The Lofts of Washington University, a new $80 million mixed-use development, brings green architecture, new residents and, at last, a grocery store to the Delmar Loop.
Joe Angeles/WUSTL Photos
Some 400 Washington University students will move into the Lofts of Washington University on Aug. 23. The 4.4-acre project brings green architecture and modern design to one of the region's most lively destinations.
On Saturday, Aug. 23, some 400 Washington University in St. Louis undergraduates will move into The Lofts’ 167 fully furnished three-bedroom, two-bedroom and efficiency apartments. Amenities include a rooftop garden, multi-purpose rooms and great views of the Delmar Loop, named “One of the 10 Great Streets in America” by the American Planning Association.
“Washington University is fortunate to be located in close proximity to vibrant neighborhoods,” said Chancellor Mark S. Wrighton. “The Lofts of Washington University provides a unique opportunity for students, visitors and residents alike to enjoy the amenities of the Delmar Loop. We are proud that The Lofts will further enhance this exciting area, which sits at the nexus of University City and the City of St. Louis.”
Washington University’s Office of Residential Life will manage The Lofts. Sharon Stahl, vice chancellor for students, says The Lofts’ incoming residents are excited to join The Loop neighborhood.
"Our students are eager to move into The Lofts and become a part of The Loop neighborhood for many reasons," Stahl said. "In addition to the excitement of living in an eclectic, urban environment, many of our students are deeply committed to public service. The Loop is home to numerous organizations that enrich the lives of neighborhood residents, and students will have new opportunities to engage with these groups on a deeper level."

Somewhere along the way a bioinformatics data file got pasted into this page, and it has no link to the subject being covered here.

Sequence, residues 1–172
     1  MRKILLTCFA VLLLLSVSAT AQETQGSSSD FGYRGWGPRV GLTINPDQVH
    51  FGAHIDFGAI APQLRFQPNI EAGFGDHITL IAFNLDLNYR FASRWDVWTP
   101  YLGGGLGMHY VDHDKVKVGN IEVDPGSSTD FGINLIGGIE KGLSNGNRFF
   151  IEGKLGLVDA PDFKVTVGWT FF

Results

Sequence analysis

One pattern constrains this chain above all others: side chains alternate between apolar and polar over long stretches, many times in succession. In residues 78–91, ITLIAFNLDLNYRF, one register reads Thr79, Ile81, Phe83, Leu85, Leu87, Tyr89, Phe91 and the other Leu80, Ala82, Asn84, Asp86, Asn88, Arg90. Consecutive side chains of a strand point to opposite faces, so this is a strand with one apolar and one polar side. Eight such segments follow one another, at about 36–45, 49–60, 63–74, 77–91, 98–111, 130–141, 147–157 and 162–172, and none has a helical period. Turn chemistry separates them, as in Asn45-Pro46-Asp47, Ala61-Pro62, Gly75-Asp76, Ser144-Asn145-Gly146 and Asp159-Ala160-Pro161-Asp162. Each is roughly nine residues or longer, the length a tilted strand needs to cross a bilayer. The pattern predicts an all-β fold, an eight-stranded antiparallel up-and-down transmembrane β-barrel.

The Lofts development includes underground residential parking, open green spaces and improved sidewalks and pedestrian lighting.
Joe Angeles/WUSTL Photos (2)
The Lofts of Washington University features United Provisions, a full-service grocery store. Shoppers may buy basics like milk and eggs, as well as gourmet and international items. Below: The Lofts features three-bedroom, two-bedroom and efficiency apartments for Washington University undergraduates.
Peacock Loop Diner owner Joe Edwards said The Lofts will transform The Loop into a true 24/7 neighborhood and strengthen the connection between the east and west Loop. Edwards predicts the project will draw more residents and businesses to The Loop, already home to more than 100 restaurants, galleries, nightclubs, shops and music venues.
“The ripple effect of this investment will be enormous,” Edwards said. “Washington University recognizes that good urban design — mixing apartments with retail and improving green spaces — can have a huge impact on a neighborhood. This makes The Loop an even more livable, walkable neighborhood.”
And greener, too. The Lofts project is on track to earn Platinum LEED certification, the highest rating. Solar panels heat 25 percent of the buildings’ hot water, photovoltaic cells convert sunlight into electricity, rain gardens treat stormwater and the buildings’ signature aluminum sunshades serve as both a bold design element and an effective tool to keep apartments comfortable.
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"When we plan sustainable living and working spaces at Washington University facilities, we are thinking beyond bricks and mortar; we are thinking about a way of living that is environmentally responsible,” said Art Ackermann, associate vice chancellor of facilities. “We believe that this strategy supports both the students and the community.”
Serving a long-standing need